Rugby League - Gentle: Australia missing out on prestigious cup competition

Hull's Australian coach Peter Gentle believes the NRL is "missing out" by not having a prestigious knockout competition like the Challenge Cup.

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Rugby League - Gentle: Australia missing out on prestigious cup competition

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Peter Gentle believes the NRL could do with having a knockout competition like the Challenge Cup

Gentle is hoping to become the latest Australian to make his mark on the 116-year-old competition when his team take on favourites Wigan at Wembley on Saturday.

"It is unique and a big attraction," Gentle told a press conference in Manchester. "It is something the NRL miss out on.

"I don't know how they'd fit it into the schedule but it's definitely something they miss out on.

"I think it's a lure for NRL players to come here, to play in this competition and to get to play in the final at Wembley is one of the greatest achievements you can get in our sport."

Saturday's clash has revived memories of one of the greatest finals in Challenge Cup history, the 1985 decider in which Wigan beat Hull 28-24 with Australians Brett Kenny (Wigan) and Peter Sterling (Hull) playing starring roles.

Current Wigan coach Shaun Wane was a Wembley winner as a player with his home-town team in 1998 and, after being assistant to Australian Michael Maguire when the Warriors lifted the trophy two years ago, admits Saturday will be one of the proudest moments of his career.

"To get the chance to lead my home-town team out is really special," he told the press conference. "I'm going to enjoy the day and hopefully going to enjoy the game as well.

"The past times we've played Hull have been really exciting games. They are two teams who play fantastic rugby league so it has the makings of the classic it was in 1985.

"I've seen a lot of Hull this year and, credit to Peter, he's got them playing a fantastic brand of rugby league."

While Hull go into the final on the back of three consecutive Super League wins, Wigan are on the slide, having lost five of their last seven league games to drop to third place in the table - but Wane insists form is irrelevant.

"I'm not concerned at all," he said. "On any given day, we can play.

"We're not attacking as well as we can at the minute but you get those blips in the season.

"I am confident that, with Lockers (Sean O'Loughlin) back and Blake (Green) and Matty (Smith) firing, we should be okay."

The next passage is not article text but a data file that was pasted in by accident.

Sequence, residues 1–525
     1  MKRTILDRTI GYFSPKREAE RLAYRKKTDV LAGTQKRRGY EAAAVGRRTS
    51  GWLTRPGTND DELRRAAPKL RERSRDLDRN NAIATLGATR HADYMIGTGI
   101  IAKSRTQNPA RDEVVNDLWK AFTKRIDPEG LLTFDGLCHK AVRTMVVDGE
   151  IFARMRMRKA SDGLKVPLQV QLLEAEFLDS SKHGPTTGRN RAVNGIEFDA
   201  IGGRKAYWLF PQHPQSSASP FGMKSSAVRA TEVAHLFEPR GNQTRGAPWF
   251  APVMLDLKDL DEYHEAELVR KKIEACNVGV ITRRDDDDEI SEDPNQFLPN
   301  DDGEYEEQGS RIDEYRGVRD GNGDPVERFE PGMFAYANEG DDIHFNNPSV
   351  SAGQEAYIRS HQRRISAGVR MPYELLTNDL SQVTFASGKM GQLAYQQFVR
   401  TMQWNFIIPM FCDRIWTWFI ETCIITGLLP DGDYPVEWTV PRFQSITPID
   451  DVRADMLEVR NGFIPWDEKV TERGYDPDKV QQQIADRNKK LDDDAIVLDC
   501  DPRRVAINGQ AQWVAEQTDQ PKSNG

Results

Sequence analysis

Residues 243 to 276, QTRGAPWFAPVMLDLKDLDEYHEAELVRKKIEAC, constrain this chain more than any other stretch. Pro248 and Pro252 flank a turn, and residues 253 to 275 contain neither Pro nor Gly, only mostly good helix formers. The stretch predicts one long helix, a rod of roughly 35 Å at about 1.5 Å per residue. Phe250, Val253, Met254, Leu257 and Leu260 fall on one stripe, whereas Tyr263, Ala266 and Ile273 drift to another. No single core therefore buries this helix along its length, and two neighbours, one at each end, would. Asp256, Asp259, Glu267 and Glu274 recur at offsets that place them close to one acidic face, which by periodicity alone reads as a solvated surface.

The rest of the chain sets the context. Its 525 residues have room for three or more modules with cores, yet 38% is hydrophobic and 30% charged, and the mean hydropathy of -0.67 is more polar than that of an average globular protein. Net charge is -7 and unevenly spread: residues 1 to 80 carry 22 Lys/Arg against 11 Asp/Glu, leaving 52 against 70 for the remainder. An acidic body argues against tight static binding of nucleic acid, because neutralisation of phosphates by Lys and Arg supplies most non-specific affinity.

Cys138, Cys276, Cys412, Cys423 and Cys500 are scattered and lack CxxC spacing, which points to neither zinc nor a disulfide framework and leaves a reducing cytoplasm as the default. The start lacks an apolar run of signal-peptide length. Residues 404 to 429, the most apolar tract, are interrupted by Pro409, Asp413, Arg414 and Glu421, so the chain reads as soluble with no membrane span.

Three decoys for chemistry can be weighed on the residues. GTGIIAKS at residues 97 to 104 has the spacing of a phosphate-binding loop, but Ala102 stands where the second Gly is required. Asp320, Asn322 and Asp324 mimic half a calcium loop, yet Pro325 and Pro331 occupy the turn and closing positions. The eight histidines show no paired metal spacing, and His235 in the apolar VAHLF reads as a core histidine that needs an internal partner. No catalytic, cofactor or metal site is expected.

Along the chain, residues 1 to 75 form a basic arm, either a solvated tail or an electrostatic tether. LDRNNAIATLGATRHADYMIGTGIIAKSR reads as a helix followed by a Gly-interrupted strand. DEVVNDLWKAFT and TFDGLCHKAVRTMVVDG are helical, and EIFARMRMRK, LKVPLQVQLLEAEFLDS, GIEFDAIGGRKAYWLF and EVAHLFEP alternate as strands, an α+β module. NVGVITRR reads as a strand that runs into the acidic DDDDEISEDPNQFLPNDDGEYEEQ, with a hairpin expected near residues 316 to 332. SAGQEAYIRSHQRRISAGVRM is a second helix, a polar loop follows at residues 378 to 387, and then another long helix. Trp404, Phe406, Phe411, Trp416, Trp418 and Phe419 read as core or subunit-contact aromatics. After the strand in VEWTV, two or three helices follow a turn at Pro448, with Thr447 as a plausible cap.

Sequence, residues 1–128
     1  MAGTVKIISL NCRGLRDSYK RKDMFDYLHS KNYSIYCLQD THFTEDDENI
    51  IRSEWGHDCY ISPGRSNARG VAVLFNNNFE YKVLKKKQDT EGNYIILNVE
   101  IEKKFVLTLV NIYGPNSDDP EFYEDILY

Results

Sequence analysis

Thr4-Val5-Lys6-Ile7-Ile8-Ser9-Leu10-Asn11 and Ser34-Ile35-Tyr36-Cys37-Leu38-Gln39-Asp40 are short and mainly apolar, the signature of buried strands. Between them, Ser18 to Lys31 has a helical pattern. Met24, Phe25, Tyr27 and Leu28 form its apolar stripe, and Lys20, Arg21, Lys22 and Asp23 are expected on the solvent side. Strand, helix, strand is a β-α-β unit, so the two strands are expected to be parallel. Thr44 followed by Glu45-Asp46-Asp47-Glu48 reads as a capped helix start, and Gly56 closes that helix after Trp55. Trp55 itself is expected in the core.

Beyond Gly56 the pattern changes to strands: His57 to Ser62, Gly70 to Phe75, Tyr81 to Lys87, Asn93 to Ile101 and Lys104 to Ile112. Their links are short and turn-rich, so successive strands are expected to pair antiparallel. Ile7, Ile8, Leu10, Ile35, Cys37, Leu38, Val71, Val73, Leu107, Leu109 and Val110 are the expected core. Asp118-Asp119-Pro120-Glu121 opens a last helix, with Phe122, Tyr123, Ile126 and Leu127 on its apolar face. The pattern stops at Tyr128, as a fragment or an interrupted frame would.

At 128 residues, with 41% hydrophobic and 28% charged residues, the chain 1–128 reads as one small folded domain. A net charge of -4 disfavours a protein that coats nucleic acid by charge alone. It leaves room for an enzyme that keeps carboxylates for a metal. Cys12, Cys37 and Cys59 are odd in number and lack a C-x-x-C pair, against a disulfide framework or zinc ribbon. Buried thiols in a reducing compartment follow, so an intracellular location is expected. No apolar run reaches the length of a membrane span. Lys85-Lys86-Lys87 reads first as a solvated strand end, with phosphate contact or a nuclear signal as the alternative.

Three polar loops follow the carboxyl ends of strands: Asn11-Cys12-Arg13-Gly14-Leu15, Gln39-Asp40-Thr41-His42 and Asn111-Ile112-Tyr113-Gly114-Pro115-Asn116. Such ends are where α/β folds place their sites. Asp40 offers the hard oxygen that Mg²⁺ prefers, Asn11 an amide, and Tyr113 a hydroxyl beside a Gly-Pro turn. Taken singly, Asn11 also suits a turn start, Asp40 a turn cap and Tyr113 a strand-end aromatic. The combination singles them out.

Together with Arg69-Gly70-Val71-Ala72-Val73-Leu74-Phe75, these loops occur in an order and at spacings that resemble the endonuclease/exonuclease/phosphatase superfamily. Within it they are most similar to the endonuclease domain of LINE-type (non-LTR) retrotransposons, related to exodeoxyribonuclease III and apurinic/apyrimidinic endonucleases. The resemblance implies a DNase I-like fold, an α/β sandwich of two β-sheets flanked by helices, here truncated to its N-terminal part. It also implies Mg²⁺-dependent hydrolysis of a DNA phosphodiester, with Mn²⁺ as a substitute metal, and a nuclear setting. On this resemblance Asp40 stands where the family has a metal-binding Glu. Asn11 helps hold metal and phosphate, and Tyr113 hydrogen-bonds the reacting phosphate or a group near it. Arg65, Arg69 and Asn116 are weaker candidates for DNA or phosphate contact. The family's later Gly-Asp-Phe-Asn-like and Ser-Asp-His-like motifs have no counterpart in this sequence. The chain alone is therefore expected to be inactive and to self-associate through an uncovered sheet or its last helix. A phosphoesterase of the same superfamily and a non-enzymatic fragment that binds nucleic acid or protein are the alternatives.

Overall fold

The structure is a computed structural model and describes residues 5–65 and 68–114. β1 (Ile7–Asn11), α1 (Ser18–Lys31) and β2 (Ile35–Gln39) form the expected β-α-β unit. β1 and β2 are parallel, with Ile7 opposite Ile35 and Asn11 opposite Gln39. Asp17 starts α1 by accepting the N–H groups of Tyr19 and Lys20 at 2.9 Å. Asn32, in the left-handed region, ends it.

Skipper O'Loughlin was Wigan's only absentee during Saturday's 22-8 defeat by Catalan Dragons in Perpignan but Wane expects him to recover from a calf injury and says full-back Sam Tomkins came through his first league game for almost two months unscathed.

"Sam played played the full 80 minutes and he's good to go," Wane said.

"Lockers is hopefully going to train tomorrow and I'll have more of an idea then.

"I'm pretty confident. He's desperate to play, being a Wigan lad and captain. To lead his home-town team out at Wembley means a lot to him.

"We had a tough weekend, travelling over to France. We've lost a day but apart from that, the lads are looking forward to this weekend.

"We'll train tomorrow and I've have a look at the knocks and bruises from the Catalan game."

While Wane expects to be able to field a full-strength team, Gentle still has a number of injury concerns.

Full-back Shannon McDonnell, back-row forward Ben Galea and centre Ben Crooks are definitely out and winger Tom Lineham remains doubtful, although he had a light run on Monday.

Gentle has still to make a decision on centres Joe Arundel (ankle) and Kirk Yeaman (hand) and second-rower Danny Tickle (leg), who were all hurt in Friday's 18-13 win over Salford.

"We had three quarters of the squad able to train this morning," Gentle said.

"We're going to have to make a decision tomorrow afternoon on who plays.

"At the moment they're all putting their hands up to play but we've got to be smart about it. We can't afford to get an injury early in the game.

"Everyone needs to train tomorrow and we'll make a decision after that."

Gentle, too, is taking little notice of Wigan's poor league form, pointing to his own team's experiences in the Cup this year.

"I think both sides have proven that Super League form means nothing in this competition," he said.

"We beat Catalan and Warrington of the back of very poor form in the competition. We know what Wigan are capable of. I think it should be a great game."

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